Zoe had another eye appointment today, this time to follow-up on her new prescription. Unfortunately, while the doctor (and I) could see that the glasses were helping with her eyes, as the doctor said, it was only better, not perfect. As in all the other appointments, the doctor had Zoe look at a toy up close, and she would hold lenses up in front of Zoe’s glasses to see if the stronger prescription would straighten out her eyes. Unlike the other appointments, none of the lenses made any difference.
So in essence, we’ve done as much as we can with glasses, and the doctor brought up surgery. I knew the possibility was there. When I was being honest with myself before the appointment, I knew that it was even likely, but it didn’t make it any easier to hear or think about. We asked a whole bunch of questions, and we’re satisfied that the surgery is our next step. The surgery is scheduled for a month from today. It is apparently an easy, outpatient surgery, probably less than an hour, with a recovery of one day.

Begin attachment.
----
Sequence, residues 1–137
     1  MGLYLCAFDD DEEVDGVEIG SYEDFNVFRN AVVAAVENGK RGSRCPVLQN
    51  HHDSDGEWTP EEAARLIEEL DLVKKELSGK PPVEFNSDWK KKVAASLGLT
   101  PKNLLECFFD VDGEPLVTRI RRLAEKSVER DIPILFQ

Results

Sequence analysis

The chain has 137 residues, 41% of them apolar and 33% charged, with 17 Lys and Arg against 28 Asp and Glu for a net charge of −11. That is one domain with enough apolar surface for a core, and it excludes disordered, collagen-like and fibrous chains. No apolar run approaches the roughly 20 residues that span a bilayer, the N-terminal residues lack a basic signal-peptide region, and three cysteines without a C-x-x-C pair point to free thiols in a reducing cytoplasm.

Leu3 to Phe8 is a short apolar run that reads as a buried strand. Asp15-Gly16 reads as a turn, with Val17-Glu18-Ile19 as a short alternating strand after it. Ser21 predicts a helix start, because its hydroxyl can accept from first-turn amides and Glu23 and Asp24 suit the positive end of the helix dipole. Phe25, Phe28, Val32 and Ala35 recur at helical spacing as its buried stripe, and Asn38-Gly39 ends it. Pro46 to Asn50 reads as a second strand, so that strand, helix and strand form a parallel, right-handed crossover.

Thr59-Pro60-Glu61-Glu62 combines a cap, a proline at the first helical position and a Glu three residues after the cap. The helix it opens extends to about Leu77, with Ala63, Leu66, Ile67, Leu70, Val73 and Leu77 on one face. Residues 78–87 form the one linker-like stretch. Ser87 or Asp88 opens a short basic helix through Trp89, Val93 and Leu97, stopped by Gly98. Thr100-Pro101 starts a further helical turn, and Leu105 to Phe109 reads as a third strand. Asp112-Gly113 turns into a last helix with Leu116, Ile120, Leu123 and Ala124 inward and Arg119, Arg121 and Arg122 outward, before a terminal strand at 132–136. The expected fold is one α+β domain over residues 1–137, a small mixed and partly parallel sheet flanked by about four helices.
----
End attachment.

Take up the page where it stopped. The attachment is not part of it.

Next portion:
I was really shaky and upset this morning after the appointment, but I’m slowly coming around to accept that this will be ok, that Zoe will be ok, and in fact, we’re hoping she’ll be better than ok, and her eyes will start to work together so that she can start developing binocular vision. That’s what this is about, right. This is about her, this is about getting Zoe what she needs for her vision. I keep trying to remind myself that we have so much to be grateful for, that she is healthy, that her strabismus is treatable, that we caught it early. But it’s hard, I had been so hoping that the glasses alone would be sufficient.
I suppose one good thing is that the discussions with the ophthalmologist pointed out just how much I’ve grown to love Zoe’s glasses – which was not always the case. This morning, when the eye doctor said Zoe would still need glasses after the surgery, I sighed a little sigh of relief that she’d get the keep wearing them, because I think she looks so dang cute in those specs.
Still, I won’t lie, I’m nervous, sad, and trying not to freak out. If anyone’s gone through eye surgery with their kid, I’d love some reassurance.